Older comments on 10 Reasons to Visit Hawaii Now

jim humberd
09 October 2010

A lady visiting Hawaii in 1941, asked her son, then a Corporal, a Colonel and my friend years later, “Why do they put all those little Palms way up on top of those tall poles?” The only Palm she had ever seen before was a potted plant in a hotel lobby.

A piece of driftwood sticking a few inches out of the beach at Maui in 1968, was wiggled and waggled by my wiggling and waggling Sweetie, and ended up being 5 feet long, branches about 2 feet long near the middle, the heavy 18” piece at the end looks like a horse’s head. We had to send it home on a ship, too big for the airplane.

As I stood on the shore on Kauai, Hawaii, I found an exceptional view, so I climbed onto a protruding flat rock, and took a snapshot. A few months later I played tennis with a guest at a hotel, who was the editor of a travel magazine, so she gave me a copy. The picture on the cover of the magazine was of the same scene as my photo. We determined the magazine cover photographer had stood within a few feet of where I stood, and obviously within a very short time of when I had been there. Isn’t it a shame that sometime in the 30 years since, my copy of the magazine disappeared from my file, and its name has disappeared from my memory.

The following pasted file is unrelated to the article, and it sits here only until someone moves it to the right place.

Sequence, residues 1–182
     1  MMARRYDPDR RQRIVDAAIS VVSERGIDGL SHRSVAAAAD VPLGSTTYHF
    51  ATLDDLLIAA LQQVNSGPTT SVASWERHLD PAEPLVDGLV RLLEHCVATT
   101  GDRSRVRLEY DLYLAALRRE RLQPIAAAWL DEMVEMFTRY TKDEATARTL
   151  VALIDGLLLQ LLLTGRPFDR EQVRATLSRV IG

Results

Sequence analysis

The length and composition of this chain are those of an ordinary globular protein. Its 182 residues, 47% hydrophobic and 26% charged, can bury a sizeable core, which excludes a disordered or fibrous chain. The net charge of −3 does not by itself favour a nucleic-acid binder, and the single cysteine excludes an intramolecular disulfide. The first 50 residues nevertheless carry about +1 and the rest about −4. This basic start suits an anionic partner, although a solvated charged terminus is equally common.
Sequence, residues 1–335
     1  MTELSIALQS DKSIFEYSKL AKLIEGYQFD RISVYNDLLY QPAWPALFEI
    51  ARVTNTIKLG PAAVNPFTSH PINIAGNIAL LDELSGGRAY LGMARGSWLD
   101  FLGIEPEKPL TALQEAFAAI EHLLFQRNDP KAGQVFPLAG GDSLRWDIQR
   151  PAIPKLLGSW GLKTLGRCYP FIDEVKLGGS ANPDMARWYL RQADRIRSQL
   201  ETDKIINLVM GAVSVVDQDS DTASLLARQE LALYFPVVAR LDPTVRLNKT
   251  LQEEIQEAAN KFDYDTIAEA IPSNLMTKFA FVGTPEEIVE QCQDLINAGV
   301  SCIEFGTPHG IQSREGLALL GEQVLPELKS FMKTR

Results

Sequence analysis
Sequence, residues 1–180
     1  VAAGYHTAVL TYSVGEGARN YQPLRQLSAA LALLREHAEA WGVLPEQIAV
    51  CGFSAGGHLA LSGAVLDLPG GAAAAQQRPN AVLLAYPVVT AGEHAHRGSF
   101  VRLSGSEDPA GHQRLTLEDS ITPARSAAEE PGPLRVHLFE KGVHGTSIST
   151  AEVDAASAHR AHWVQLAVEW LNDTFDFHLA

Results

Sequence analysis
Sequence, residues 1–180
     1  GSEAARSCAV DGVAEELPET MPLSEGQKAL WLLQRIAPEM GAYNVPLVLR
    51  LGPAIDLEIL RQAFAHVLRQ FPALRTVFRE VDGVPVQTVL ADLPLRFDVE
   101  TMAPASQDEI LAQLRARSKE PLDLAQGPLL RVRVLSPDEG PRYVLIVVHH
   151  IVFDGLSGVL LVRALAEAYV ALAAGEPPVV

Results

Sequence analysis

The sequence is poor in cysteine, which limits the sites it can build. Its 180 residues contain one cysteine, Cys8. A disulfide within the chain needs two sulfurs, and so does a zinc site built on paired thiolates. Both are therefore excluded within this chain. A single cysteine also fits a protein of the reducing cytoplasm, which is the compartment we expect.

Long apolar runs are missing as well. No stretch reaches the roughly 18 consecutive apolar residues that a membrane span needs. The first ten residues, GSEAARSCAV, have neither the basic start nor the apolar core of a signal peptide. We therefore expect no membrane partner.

As we checked out of the Kona Hilton Hotel, on Hawaii, in 1977, there was a long line, and only one checkout station was opened. I tossed the key to a clerk, and said good-by. We were soon “paged” over the public address system. Emmy was concerned, but I said, “Forget it, they have our credit card number.” A letter from Hilton said that we did not checkout, but said the bill was paid, they had my Visa number. I wrote to the Manager telling him that this was not the first morning some guest had checked out of a Hilton Hotel someplace in the world, and we weren’t going to spend part of our short vacation time waiting in line for them to figure how to do it right. We got a very nice letter from the manager saying that he agreed with us, he understood, and hoped they could do better next time.